According to the Environmental Protection Agency, residential outdoor water use in the United States accounts for nearly 8 billion gallons of water each day. The average U.S. household uses more water outdoors than for showering and clothes washing combined. Below are some resources to help you irrigate efficiently.
Switch to Drip
Sprinkler systems and hand watering are only 50-70 percent efficient, whereas, drip irrigation exceeds 90 percent efficiency. Drip irrigation is more efficient because water drips into the ground slowly from plastic tubing through special outlets called emitters and moves directly to the root zone.
UC Master Gardeners of Sonoma County have resources on how to install and manage a drip irrigation system.
Check with your water provider to see if rebates are available to help cover the cost of upgrading to a more efficient irrigation systems or install a weather-based irrigation controller which creates an irrigation schedule based on local weather.
The Irrigation Scheduling Tool is designed to help you create an irrigation schedule customized to your location. The Tool pulls data from local weather stations on a daily basis to give you an accurate measurement of how much water your plants need.
As the seasons change, so do the water needs of your yard. Remember to adjust your irrigation controller throughout the year so that you cut down on water waste and your plants can stay healthy. If your irrigation controller has a seasonal adjustment option, check out this guide from the UC Master Gardeners of Sonoma County.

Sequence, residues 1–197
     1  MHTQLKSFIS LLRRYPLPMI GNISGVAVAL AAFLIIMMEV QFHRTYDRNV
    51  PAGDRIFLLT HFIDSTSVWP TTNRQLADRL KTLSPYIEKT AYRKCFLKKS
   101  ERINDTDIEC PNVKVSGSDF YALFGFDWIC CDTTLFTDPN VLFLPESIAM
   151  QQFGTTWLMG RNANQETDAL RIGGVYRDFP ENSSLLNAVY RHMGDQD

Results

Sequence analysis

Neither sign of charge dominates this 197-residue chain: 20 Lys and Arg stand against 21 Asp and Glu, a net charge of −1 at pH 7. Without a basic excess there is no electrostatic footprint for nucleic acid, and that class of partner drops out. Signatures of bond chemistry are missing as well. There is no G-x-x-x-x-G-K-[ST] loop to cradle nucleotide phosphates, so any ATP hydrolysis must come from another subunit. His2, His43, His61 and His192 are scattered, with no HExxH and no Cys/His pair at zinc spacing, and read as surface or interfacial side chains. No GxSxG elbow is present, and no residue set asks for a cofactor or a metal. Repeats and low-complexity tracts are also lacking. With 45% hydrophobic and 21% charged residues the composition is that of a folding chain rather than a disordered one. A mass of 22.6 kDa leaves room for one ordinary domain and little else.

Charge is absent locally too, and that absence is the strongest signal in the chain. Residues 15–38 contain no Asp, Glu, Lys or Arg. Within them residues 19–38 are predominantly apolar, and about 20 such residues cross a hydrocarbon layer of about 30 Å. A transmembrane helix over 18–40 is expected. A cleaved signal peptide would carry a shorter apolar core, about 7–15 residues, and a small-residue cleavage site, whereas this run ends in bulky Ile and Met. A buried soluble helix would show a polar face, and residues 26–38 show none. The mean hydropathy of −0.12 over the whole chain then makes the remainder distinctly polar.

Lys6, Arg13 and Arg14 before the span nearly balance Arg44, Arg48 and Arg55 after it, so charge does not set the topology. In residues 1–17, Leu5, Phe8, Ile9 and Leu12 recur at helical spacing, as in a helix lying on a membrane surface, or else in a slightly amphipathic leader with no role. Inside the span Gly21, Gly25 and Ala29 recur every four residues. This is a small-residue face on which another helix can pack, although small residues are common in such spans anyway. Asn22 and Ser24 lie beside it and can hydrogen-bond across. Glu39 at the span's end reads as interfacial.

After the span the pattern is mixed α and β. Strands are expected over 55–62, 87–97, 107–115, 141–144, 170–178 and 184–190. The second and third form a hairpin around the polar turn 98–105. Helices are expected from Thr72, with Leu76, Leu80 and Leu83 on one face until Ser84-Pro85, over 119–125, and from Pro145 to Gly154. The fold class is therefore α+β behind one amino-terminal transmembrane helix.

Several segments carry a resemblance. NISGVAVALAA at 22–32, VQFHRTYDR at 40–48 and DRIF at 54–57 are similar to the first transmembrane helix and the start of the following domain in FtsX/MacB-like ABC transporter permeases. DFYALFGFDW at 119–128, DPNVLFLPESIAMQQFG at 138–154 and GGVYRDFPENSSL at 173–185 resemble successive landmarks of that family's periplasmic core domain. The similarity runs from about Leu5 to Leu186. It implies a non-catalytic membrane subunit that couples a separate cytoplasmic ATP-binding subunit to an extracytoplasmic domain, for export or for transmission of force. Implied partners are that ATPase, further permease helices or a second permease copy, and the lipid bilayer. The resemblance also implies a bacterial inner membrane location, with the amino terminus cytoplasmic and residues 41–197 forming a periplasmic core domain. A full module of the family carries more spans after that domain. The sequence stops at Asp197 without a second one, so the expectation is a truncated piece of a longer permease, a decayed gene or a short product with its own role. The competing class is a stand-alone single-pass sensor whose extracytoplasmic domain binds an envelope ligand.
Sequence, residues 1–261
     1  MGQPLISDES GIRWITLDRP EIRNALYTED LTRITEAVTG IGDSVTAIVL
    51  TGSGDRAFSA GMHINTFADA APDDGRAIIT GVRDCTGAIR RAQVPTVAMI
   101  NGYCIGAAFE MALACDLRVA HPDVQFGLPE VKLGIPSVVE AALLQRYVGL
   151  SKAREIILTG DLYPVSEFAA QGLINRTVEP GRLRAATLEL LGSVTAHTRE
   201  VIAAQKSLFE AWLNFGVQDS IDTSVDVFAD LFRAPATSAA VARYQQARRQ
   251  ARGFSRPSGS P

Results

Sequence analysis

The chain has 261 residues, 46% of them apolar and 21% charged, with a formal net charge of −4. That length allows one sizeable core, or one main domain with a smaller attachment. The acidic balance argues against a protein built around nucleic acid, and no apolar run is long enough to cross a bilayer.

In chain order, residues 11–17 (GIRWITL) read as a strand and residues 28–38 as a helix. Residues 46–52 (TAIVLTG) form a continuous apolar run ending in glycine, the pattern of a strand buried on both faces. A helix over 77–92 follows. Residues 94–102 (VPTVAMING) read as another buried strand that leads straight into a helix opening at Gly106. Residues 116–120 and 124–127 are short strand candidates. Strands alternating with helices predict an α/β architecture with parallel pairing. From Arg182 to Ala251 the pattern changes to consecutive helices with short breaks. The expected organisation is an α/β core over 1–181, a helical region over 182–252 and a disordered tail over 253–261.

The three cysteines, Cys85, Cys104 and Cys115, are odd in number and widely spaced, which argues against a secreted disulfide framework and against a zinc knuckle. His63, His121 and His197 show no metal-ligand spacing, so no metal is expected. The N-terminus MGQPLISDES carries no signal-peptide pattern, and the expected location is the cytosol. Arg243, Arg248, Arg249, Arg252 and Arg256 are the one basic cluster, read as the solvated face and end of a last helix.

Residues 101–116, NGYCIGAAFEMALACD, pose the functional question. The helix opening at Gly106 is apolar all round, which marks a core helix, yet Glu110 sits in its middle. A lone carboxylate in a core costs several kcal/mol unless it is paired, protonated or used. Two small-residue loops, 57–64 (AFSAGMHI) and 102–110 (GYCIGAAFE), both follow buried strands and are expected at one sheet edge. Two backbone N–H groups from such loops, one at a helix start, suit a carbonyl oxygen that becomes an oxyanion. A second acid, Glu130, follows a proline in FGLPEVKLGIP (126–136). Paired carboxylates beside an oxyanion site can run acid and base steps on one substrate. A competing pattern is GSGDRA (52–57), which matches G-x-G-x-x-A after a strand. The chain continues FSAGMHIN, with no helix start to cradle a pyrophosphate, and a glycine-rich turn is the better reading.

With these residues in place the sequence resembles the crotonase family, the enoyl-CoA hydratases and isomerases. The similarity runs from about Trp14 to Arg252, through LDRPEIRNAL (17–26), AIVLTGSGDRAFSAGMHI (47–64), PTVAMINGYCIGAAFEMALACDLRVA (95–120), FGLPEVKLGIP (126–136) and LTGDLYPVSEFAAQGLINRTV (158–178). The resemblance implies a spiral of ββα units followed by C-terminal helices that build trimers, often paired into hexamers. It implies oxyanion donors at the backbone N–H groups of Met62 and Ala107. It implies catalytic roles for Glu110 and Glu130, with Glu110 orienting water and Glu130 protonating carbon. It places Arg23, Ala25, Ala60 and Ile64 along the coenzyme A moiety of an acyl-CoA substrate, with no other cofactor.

The Qualified Water Efficient Landscaper (QWEL) program is an EPA WaterSense labeled professional certification in irrigation system audits. QWEL Pros have been trained in efficient irrigation principles and sustainable landscaping practices.
The Water Smart Gardens Maintenance Manual is a step-by-step guide on how and why to maintain a low water use landscape. The manual also features a maintenance calendar that illustrates when seasonally important tasks like weeding, pruning and adjustments to irrigation scheduling should occur.